The problematic cases are those where theologians have lost their faith but remain in the ministry or teaching positions. For academics the problem is not as acute as for their counterparts who preach. They often argue, correctly I think, that they do not need to believe what they teach their students. Even so, a large number of them choose to camouflage their views and find it easier to do so than it would be for practicing clergy. Some unbelieving academics openly state why they have abandoned their faith. Bart D. Ehrman, for instance, did so as a result of the so-called Problem of Evil. See his book God’s Problem (2009) in this regard. The question of belief versus unbelief was debated by two academic theologians before a live audience and subsequently published in the book Why Believe in God (1983). Michael Goulder explains in the book that he lost his faith for the simple reason that he never experienced God’s presence. He also questions his opponent, John Hick’s, allegation that he did have such experiences. (It is interesting to note that this claim, which is often advanced as proof for the existence of God, is uniquely Protestant). A last example is the American theologian Hector Avalos. He states in the introduction to his 2012 book The End of Biblical Studies that archaeological discoveries, as well as the modern techniques of scriptural analysis such as historical, textual, form and literary criticism have all contributed to undermine his belief in the reliability of the Bible and the existence of God. He describes himself today as a secular humanist.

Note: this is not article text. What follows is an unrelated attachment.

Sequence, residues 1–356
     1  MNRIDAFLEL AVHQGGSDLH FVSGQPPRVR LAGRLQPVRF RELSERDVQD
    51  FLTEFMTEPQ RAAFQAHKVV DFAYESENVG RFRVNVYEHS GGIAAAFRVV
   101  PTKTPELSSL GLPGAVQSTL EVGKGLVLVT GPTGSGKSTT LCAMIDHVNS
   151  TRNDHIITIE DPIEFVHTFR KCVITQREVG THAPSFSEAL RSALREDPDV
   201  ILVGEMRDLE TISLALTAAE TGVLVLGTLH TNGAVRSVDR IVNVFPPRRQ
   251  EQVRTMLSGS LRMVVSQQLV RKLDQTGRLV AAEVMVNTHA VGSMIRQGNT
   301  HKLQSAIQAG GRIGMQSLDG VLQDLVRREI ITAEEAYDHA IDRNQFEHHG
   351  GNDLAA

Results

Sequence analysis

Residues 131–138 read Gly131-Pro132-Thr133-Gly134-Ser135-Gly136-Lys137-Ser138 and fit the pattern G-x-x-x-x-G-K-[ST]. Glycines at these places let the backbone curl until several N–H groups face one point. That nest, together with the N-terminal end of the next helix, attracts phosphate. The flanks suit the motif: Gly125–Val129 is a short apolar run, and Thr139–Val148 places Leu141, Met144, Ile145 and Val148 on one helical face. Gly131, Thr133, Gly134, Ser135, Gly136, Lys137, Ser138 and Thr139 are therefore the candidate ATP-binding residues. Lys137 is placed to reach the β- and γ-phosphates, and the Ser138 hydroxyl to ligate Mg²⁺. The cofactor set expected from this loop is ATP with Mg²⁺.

The largest group among the clergy who have apostatised (and probably experience their loss of faith more negatively than anyone else) are priests, ministers and rabbis who must lead their congregations in places of prayer. They find themselves in much the same position as Hasidic Jews who have lost their faith but are forced to disguise it. (See Although clerical unbelief is not a recent phenomenon, what is unusual is a greater willingness on the part of apostates to disclose it and discuss it openly. They may have followed the lead of gays who decided to come “out of the closet”. To many people these disclosures are more shocking than those of gays. They also attract the attention of the press. A number of years ago an article appeared in a newspaper under the attention-grabbing headline: “Minister is Atheist but may Still Preach.” It told of a clergyman in the Netherlands who had been sacked by the synod after he had confessed his unbelief. Unwilling to abide by the decision, he approached the court for relief. The judge found in his favour and ordered the synod to reinstate him in his post. Although we were not informed what the reasons were for the decision of the court, one can safely assume that the applicant’s loss of income was a major consideration. Even so, one cannot help wondering whether the worshippers who had chosen to remain behind in his church after the judgement still found his sermons edifying and inspiring.